By Georgia Wells
Twitter Inc. plans to continue its policy of labeling what it deems misleading information, despite persistent criticism from President Trump and other conservatives that it silences their commentary on the election.
In a blog post Thursday, Twitter said it had labeled approximately 300,000 tweets for content that was disputed and potentially misleading, representing 0.2% of all U.S. election-related tweets sent between Oct. 27 and Nov. 11.
The company said its data shows the labels significantly decreased the spread of misinformation across the platform. Twitter said it is reverting to its previous practices on recommendations and other products, after seeing little effect from those changes made ahead of the election.
"These enforcement actions remain part of our continued strategy to add context and limit the spread of misleading information about election processes around the world on Twitter," Vijaya Gadde and Kayvon Beykpour said in a blog post. Ms. Gadde is Twitter's legal, policy, and trust and safety lead. Mr. Beykpour serves as product lead at Twitter.
Twitter said during the election period it also covered 456 of the misleading tweets with a warning message that further limited the engagement features of those posts.
Those labels and warning messages appeared to decrease the spread of misleading information. Twitter said the tweets that received the labels and warnings saw a 29% decrease in shares, in part due to the prompts that warned users of their disputed information. Approximately 75% of the people who viewed those tweets saw them after Twitter applied the label or warning message, Twitter said.
Twitter earlier on Thursday placed a label on a tweet from President Trump about alleged voter fraud, saying the claim was disputed. The move continued a pattern in which Twitter has regularly labeled Mr. Trump's posts about the election as misleading or disputed, fueling calls from the president and his supporters that the company is biased against him.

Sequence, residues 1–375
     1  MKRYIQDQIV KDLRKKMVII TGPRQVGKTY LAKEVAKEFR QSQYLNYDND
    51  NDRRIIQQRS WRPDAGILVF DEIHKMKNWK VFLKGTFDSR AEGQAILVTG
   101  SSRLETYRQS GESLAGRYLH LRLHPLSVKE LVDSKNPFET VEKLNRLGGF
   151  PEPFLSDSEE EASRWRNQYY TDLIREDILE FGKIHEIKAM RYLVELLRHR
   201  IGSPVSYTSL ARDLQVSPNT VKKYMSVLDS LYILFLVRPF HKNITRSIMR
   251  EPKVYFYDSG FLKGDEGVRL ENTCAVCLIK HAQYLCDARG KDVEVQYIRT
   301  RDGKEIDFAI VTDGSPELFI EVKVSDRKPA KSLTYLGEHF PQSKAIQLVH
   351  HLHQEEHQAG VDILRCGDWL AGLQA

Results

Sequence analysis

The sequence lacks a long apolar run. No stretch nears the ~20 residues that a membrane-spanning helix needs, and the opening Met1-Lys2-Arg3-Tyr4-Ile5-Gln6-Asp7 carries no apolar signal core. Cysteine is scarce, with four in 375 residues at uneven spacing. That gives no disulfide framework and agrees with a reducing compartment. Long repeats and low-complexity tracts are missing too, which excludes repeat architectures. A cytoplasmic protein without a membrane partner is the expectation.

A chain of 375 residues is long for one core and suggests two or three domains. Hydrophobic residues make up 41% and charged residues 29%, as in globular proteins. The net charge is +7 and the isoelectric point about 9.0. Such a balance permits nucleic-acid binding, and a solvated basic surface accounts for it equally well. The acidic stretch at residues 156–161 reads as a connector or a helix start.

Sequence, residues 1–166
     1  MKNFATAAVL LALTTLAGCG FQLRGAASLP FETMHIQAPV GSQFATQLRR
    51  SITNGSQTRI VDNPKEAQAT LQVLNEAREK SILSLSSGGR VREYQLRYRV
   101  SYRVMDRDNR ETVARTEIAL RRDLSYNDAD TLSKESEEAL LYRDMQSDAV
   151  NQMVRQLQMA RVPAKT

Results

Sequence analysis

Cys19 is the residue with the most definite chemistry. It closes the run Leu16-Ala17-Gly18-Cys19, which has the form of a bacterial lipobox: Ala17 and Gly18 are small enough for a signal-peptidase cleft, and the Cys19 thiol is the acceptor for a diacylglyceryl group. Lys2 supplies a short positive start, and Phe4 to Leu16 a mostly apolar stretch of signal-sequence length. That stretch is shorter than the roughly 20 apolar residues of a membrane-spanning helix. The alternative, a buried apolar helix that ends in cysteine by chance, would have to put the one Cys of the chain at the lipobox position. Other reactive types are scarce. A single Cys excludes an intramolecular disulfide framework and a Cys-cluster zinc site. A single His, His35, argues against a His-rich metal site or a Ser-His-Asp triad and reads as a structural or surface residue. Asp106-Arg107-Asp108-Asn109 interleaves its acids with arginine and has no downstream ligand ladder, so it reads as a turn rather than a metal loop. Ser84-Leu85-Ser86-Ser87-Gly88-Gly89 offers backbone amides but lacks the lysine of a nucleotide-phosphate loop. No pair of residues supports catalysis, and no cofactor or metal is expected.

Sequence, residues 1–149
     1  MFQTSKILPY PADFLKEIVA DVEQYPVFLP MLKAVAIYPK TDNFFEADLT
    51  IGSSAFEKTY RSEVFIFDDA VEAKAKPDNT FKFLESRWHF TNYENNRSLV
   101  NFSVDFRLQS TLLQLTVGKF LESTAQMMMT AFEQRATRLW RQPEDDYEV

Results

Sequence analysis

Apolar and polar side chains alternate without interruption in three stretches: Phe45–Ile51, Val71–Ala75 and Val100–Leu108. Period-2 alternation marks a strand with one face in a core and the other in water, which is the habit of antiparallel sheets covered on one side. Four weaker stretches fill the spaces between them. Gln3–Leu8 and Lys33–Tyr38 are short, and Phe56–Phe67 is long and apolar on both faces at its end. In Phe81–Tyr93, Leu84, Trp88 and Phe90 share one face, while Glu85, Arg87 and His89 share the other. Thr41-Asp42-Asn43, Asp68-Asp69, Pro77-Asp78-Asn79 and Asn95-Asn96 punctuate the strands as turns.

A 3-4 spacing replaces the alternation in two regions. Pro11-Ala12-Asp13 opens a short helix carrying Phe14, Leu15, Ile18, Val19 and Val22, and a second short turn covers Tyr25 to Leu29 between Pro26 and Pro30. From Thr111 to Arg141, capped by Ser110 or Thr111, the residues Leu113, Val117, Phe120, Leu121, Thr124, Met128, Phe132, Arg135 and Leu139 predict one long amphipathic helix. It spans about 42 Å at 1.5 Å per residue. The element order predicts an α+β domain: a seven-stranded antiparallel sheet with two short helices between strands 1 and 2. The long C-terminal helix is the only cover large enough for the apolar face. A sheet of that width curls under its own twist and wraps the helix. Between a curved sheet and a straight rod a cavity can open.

U.S. officials have characterized the 2020 election as the most secure in the country's history.
An October study led by a Stanford University political science researcher found Mr. Trump's tweets questioning the U.S. election's legitimacy are effective in shaping his supporters' beliefs that the outcome is rigged.
Twitter executives have said they act without political motivations. Chief Executive Jack Dorsey is scheduled to testify Nov. 17 before the Senate Judiciary Committee about the company's decision last month to block a pair of New York Post articles it said were based on documents obtained from the laptop of Hunter Biden.
Twitter blocked the Post's account for two weeks, before changing its rules to allow the newspaper back on the platform. Facebook Inc. CEO Mark Zuckerberg is also scheduled to testify before the committee.
Ahead of the U.S. election, Twitter and other social-media companies faced pressure from lawmakers, candidates and watchdog groups to reduce the spread of misinformation that could undermine Americans' confidence in the electoral process. While Facebook also added some labels and reduced the recommendation of certain content on its platform, Twitter's intervention involved more proactive measures to label certain disputed claims and required users to click through labels to see the content.
The tech platforms have hoped to avoid a repeat of 2016, when foreign actors, including Russia's Internet Research Agency, spread viral messages on Facebook and Twitter that appeared to try to sow divisions and encourage some Americans not to vote.
In an effort to undercut the effectiveness of conspiracy theories, Twitter this cycle also showed users a series of messages intended to "pre-bunk" potentially false claims. These messages included statements that the election results were likely to be delayed and that voting by mail is safe and legitimate. Twitter said users saw these prompts 389 million times.
Twitter during the election also encouraged users to add their own context when amplifying content. To do this, Twitter added more steps for users to reshare tweets, and prompted them to write something when doing so.
"This change introduced some friction, and gave people an extra moment to consider why and what they were adding to the conversation," Ms. Gadde and Mr. Beykpour said in the blog post. Since making that change in late October, Twitter said it observed a 20% decrease in tweet sharing.
Twitter also said it would be sharing a comprehensive report on the election early next year.
--Emily Glazer contributed to this article.
(END) Dow Jones Newswires